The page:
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Is Google the “government of the Internet?” So complains David Milman–chief executive of Rescuecom, a company that lost a lawsuit to Google over trademark and search terms–in this New York Times article. In terms of its seeming invulnerability from the consequences of living life on the Internet’s bleeding egde, fighting Google has indeed seemed impossible.
Google has a policy of aggressively fighting lawsuits in an effort
to shape fledgling Internet legal precedent in ways that will be
favorable to the company in the future. So far it has been rather
brash, but also remarkably successul. You get the idea that Milman
isn’t the only one who thinks of Google as invincible. But the company
may be facing its biggest legal challenge yet: will YouTube be the
hurdle that takes the swagger out of Google?
Mark Cuban certainly thinks the acquisition was a mistake. In fact, his exact term was “moronic.”
The man who sold his own video streaming company, Broadcast.com, to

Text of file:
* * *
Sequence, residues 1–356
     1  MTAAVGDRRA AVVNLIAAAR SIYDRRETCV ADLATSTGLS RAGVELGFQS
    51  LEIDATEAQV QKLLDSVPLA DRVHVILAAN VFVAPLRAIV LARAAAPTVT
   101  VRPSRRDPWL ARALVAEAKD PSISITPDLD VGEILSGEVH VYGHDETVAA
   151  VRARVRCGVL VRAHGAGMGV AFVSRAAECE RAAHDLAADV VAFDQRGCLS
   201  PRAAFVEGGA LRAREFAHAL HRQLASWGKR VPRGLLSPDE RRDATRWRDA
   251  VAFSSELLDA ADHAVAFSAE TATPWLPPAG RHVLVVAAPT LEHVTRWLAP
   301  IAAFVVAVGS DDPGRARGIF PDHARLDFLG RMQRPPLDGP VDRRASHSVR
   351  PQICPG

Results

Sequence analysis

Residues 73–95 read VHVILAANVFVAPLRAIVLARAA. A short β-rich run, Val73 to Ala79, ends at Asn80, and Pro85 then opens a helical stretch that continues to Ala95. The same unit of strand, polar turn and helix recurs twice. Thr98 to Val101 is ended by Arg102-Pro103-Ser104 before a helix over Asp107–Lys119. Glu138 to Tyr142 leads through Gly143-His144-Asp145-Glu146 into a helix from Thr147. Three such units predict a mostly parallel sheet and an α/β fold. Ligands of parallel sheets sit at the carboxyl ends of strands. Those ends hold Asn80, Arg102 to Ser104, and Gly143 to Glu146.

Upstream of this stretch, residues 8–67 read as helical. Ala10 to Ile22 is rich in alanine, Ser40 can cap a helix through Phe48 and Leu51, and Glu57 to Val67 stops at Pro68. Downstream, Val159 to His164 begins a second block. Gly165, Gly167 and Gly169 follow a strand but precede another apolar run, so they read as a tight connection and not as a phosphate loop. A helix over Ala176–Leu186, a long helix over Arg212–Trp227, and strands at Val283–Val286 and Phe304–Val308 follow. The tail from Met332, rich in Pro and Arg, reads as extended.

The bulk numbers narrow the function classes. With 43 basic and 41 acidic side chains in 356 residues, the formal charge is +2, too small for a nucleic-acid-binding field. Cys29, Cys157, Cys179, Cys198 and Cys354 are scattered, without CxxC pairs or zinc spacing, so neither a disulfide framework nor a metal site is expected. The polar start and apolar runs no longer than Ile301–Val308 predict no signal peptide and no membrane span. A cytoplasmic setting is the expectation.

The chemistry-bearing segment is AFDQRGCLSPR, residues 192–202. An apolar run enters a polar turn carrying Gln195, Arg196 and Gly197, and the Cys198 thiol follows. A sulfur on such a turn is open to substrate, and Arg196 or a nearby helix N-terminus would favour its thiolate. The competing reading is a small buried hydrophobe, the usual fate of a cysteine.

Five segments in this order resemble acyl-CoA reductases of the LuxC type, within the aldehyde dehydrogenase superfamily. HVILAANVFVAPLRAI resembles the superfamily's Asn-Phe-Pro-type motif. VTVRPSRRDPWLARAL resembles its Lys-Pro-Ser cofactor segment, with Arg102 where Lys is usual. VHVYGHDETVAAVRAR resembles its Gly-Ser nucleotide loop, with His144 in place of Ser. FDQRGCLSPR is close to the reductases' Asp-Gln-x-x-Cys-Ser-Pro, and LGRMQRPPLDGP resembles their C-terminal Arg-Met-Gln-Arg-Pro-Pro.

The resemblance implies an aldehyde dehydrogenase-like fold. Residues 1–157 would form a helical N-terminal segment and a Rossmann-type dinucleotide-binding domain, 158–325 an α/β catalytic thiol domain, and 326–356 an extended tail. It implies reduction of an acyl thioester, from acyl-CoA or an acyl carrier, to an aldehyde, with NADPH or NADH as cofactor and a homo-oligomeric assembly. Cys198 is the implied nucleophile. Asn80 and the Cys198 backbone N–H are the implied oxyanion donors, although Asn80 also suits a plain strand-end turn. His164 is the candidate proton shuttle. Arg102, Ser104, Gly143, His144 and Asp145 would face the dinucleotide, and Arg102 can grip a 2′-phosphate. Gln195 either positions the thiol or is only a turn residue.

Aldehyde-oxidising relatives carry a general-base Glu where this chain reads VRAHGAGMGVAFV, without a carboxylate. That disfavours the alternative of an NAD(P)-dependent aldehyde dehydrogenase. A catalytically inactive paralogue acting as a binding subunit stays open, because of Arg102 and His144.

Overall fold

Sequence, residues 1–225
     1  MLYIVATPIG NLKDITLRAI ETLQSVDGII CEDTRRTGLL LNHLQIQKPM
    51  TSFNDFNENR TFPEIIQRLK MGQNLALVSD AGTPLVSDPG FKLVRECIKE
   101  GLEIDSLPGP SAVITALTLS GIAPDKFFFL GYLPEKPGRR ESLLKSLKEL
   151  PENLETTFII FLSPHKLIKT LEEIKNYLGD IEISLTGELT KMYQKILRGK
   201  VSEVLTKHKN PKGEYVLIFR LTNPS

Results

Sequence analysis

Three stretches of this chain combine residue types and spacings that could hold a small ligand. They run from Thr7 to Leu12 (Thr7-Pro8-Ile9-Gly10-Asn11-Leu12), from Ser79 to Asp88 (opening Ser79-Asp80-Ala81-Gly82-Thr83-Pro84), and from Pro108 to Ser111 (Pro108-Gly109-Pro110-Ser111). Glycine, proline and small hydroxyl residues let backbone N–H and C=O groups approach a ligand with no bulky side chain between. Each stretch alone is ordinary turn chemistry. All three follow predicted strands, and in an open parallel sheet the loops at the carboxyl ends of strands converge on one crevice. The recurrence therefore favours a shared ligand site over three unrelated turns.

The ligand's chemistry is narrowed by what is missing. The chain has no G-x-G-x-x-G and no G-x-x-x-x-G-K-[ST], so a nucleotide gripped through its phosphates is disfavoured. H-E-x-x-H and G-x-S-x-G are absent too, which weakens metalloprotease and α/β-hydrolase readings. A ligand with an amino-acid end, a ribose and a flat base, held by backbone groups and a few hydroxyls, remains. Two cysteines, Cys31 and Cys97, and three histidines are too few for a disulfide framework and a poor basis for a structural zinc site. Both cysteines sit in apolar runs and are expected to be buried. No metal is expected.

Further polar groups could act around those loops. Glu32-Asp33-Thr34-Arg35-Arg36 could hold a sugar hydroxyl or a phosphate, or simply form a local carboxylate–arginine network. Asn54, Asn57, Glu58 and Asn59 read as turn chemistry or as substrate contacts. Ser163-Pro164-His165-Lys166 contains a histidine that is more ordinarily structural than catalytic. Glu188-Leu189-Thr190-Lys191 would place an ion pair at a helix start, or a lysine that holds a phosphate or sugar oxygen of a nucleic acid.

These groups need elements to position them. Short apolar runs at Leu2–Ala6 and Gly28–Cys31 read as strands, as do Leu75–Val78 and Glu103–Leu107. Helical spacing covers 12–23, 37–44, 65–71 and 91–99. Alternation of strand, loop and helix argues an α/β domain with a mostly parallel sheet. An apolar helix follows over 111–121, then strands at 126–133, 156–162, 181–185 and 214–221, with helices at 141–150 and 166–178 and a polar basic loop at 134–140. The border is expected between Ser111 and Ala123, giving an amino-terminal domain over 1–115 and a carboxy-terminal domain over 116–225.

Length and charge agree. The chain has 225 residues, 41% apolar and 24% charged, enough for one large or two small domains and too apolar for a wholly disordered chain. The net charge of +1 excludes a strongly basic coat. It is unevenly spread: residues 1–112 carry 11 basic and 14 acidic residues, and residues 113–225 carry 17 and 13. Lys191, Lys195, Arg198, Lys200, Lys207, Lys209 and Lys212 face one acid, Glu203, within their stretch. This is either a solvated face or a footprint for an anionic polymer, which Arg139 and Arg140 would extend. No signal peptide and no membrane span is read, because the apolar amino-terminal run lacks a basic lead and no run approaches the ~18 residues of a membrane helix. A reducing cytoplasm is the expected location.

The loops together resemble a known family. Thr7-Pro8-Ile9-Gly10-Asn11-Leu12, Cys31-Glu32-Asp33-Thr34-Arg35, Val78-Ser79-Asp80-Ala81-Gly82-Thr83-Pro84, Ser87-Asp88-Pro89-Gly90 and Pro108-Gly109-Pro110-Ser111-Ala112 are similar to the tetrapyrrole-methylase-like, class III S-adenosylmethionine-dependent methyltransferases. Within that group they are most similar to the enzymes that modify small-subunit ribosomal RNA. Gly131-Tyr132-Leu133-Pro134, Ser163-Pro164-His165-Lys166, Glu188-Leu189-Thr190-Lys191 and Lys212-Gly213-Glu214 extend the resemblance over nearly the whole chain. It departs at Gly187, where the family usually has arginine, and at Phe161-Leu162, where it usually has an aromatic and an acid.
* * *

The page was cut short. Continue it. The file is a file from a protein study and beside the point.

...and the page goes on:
Yahoo! for $5.7 billion in 1999 (and is now the owner of the Dallas
Mavericks) says the business model of YouTube (and Google Video) is
seriously flawed. They’re fooling themselves when they say that the
appeal of their content is based on amateur, uncopyrighted material or
that there’s any kind of YouTube community beyond click-and-run
voyeurs. Face it, he says: people come to take advantage of the
copyrighted, professionally produced stuff before it’s removed.
YouTube has so far been taking advantage of the “safe harbor”
provision of the 1998 Digital Millenium Copyright Act, which frees the
service from liability as long as it removes infringing material as
soon as it’s notified, and the fact that it has had no real money for
copyright owners to go after.
Now, the requests have been pouring in more quickly, threatening the
arbitrage effect YouTube has ridden to become wildly popular. And
Google has supplied the deep pockets that encourages litigation. So
basically, YouTube’s major source of popularity is being threatened
while making it a more appealing target at the same time.
If anyone can pull it off, Google can. But this might be one of its toughest challenges yet.